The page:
most exciting--the announcement of the game and guidelines for building the robot. They also get their kit of parts and begin the build season, six very intense weeks till shipping day, same all over the world!
And that is when I become a robotics-widow.

Now for the game.
The rules of the Picture Tag game:
1. Go to the 4th folder in your computer where you store your pictures.
2. Pick the 4th picture in that folder.
3. Explain the picture.
4. Tag 4 people to do the same.

I tag my brother Lynn, a new blogger!
And Brittany, a former student who is out wandering the world.
Dani, another former student, who is done wandering for awhile.
Finally, fourthly, not leastly, Jenna, another FSNF who wandered down to Mexico with me and loved it so much she went back twice!

Monday, December 15, 2008

Come and See!

What there is to see
Like the bright blue tree,
Mary and Joseph in the entry way,
and on the piano, Santa's train.

Help yourself to the neighborly sweets
and gaze at the little ones we miss each year.
Most of all reach out to the Babe in the manger:
"Come into my heart, Lord Jesus."

This was a somewhat poetic attempt at an entry for the BooMama's Christmas Tour of Homes, and a less than successful decorating deadline.
  • The tree has no ornaments yet. (Any ideas for toning it down?)
  • Mary and Joseph made by my wheelchair-bound friend Viola--a traditional welcome! (Her husband is with Jesus as of a month ago today.)
  • Santa's train reminds me of when consuegra (co-inlaw) Debby was staying with us and we wrapped gifts together and piled them on the steps all the way up the stairs.
  • The only treats I can offer you are those given by neighbors and friends.
  • Yearly photos of the grandkids on Santa's lap are part of traditional decor.
  • Often, as we read the Christmas story the little ones each had a nativity set to 'act' it out.

Such as it is, enjoy!

Sunday, December 14, 2008

Other Changes

Some positive:

  • Stephan's ice carving business is expanding. He has regular customers and many return orders. The Indiana Ice Studio is now in a building a couple miles from his home.
    This is the busiest time of the year. Chris, our South African house guest has been a God-send--helping with the move and with all kinds of support-type jobs while 'Chef' keeps on carving "like a madman."

  • Kristie was offered the opportunity to go to school full time. She is enjoying this new routine working on completing a B.A. in psychology.

Some neither + nor -, just different, I think:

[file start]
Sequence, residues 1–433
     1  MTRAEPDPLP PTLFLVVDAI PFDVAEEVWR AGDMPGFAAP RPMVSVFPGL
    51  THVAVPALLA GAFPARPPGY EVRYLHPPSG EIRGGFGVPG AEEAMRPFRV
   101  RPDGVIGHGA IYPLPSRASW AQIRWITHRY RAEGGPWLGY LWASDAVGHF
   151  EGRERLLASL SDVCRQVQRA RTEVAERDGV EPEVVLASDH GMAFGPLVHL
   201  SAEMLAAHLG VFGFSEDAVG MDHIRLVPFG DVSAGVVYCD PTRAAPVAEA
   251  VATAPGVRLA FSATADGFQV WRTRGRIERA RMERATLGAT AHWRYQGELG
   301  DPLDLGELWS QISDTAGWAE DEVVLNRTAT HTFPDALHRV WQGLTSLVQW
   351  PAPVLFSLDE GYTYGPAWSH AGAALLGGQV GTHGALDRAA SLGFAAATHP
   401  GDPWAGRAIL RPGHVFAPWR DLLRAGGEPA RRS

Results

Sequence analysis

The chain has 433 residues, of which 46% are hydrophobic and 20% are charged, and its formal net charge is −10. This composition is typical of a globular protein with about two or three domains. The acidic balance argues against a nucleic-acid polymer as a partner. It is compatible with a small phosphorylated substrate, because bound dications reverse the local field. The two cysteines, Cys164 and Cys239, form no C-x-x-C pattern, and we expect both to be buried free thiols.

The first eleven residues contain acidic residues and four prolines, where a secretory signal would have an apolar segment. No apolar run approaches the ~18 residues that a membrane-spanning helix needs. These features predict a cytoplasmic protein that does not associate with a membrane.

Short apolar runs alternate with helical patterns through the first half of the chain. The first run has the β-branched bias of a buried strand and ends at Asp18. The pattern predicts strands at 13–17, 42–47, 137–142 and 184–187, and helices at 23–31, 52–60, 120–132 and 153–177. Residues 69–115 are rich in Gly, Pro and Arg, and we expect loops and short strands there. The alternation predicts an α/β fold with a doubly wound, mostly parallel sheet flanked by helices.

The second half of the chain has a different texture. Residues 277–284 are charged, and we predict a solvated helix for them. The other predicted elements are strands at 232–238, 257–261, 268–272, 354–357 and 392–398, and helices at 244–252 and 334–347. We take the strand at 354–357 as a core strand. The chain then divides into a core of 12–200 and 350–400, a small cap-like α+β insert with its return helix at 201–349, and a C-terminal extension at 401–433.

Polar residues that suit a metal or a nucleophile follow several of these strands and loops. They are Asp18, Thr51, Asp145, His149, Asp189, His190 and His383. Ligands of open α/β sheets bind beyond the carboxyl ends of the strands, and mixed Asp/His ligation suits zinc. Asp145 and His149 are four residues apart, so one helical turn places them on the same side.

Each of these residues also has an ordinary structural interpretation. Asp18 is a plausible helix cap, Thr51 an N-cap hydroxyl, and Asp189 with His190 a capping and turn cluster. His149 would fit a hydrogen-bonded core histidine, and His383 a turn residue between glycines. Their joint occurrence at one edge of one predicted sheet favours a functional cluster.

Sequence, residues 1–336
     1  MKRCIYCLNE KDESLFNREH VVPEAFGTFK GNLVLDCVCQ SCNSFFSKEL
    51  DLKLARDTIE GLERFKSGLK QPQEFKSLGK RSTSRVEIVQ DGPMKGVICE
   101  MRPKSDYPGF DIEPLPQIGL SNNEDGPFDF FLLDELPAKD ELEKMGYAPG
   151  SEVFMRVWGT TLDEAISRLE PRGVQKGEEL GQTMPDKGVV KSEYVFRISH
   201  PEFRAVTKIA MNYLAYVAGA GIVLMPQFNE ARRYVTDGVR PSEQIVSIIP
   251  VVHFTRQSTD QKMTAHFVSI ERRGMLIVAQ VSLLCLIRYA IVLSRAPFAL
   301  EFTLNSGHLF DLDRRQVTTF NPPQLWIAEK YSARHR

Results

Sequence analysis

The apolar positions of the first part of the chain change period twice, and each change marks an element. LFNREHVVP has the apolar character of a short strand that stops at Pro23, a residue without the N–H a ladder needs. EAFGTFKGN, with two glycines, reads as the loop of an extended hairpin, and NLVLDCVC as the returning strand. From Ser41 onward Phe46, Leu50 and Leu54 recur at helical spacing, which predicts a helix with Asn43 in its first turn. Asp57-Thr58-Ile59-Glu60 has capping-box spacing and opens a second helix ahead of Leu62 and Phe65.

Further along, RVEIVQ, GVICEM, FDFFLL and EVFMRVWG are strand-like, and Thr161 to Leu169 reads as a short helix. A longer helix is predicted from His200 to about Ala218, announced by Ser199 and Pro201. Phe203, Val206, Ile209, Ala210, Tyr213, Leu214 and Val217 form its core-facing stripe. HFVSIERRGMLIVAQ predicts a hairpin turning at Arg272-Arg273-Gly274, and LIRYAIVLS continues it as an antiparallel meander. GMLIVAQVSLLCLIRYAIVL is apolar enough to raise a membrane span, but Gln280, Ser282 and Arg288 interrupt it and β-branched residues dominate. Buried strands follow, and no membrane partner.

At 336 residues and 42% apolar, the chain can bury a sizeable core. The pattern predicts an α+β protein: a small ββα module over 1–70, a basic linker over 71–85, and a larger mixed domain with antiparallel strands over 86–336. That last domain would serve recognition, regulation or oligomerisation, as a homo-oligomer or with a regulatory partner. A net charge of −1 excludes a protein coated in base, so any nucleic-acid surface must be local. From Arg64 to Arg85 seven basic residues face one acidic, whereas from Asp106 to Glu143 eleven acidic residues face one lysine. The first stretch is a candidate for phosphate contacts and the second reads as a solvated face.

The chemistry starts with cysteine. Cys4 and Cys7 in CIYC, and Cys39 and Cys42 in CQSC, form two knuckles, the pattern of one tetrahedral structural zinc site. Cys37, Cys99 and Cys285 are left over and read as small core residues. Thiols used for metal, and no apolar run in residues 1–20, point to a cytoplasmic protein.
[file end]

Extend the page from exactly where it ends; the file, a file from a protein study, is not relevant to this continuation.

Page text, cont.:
• I did NOT write an end-of-year family letter this year. If you know me that is one of the MOST important to-do's before Christmas, or soon thereafter. So, if you know me you are wondering what happened to me. Blogging happened!
  • Michael put up the Christmas tree and bought new lights, LED's to be precise, light emitting diods which use a fraction of electricity compared with anything else. Did I say they are BLUE!!!

Saturday, December 13, 2008

Changes--for worse or...?

Habakkuk 3:17-19 (New King James Version)
A Hymn of Faith

Though the fig tree may not blossom,
Nor fruit be on the vines;
Though the labor of the olive may fail,
And the fields yield no food;
Though the flock may be cut off from the fold,
And there be no herd in the stalls—

Sounds like our times: economic failures and future uncertainty dominate the news.
In our own experience:
  • 126 were laid off where Mike works, even after many years with the company.
  • In our family we have experienced losses: Sam got out of the skateboard business; Leah had to quit studying; and I am no longer teaching in the university.

What has been our response?

Mike is asking, Why me? Why was he not let go?
Sam has been kept busy with remodeling and carpentry type jobs.
Leah is doing what she can. She is a survivor.
And I still have much to learn in my position as bilingual specialist.

Though we have questioned, complained, doubted and grumbled at times, our ultimate desire is to be grateful, adjust and learn.

Mike has to work longer hours, but he has employment.
And I enjoyed subbing four weeks for a Reality Spanish course for Teachers.

There is a saying in Spanish:

No hay mal que por bien no venga.
Basically: Good comes out of every bad thing.

Yet I will rejoice in the LORD,
I will joy in the God of my salvation.
The LORD God
is my strength;
He will make my feet like deer’s feet,
And He will make me walk on my high hills.

Wednesday, December 3, 2008


First week of Advent=Coming
We wait to celebrate the first coming of Christ into our world as a baby.

Pastor Mark's sermon was an unusual Christmas message from Habakkuk.

The prophet was complaining to God about the world he lived in, a description very apt for our days--violence, destruction, injustice, innocence overwhelmed by evil...
The Lord: "Be astounded! You won't believe what I'm going to do!"
Nor could the prophet believe the means--a mighty trampling force to overrun his people?!
Again the Lord urges Habakkuk to wait, believe, trust--He is at work!
The promise may take a while, but the vision will come true.
As unlikely as it may seem now, the land will be filled with people who know and honor the Lord, just as the water fills the sea!
So the prophet concludes that even in the bleakest of times and circumstances, he will remain steadfast.
And in the meantime, God gives him strength to climb mountains like a graceful deer!

Why did this message resonate so with me?
This has been a difficult year for our family: loss of jobs and opportunities; economic hardships; circumstances that threaten to tear us apart; and things may get worse before they get better.